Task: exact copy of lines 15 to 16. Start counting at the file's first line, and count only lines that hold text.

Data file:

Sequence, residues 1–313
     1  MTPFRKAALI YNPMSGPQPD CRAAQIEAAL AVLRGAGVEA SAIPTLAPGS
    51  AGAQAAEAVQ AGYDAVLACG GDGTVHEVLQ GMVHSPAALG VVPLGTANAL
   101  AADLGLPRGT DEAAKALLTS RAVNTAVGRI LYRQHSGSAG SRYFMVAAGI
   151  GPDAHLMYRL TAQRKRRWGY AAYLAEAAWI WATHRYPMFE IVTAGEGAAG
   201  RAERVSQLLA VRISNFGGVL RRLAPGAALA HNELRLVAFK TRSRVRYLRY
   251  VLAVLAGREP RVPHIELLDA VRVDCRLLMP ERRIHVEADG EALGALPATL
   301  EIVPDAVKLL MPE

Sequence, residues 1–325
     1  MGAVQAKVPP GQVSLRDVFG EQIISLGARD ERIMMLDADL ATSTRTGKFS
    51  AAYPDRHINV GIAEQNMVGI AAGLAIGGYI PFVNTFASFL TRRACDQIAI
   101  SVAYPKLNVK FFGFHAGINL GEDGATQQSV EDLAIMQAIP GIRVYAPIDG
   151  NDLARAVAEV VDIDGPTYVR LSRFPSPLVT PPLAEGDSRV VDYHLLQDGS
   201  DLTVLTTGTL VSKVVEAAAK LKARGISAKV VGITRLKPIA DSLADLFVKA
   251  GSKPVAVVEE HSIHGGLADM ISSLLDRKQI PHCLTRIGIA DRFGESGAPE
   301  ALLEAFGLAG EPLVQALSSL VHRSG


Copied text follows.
   251  GSKPVAVVEE HSIHGGLADM ISSLLDRKQI PHCLTRIGIA DRFGESGAPE
   301  ALLEAFGLAG EPLVQALSSL VHRSG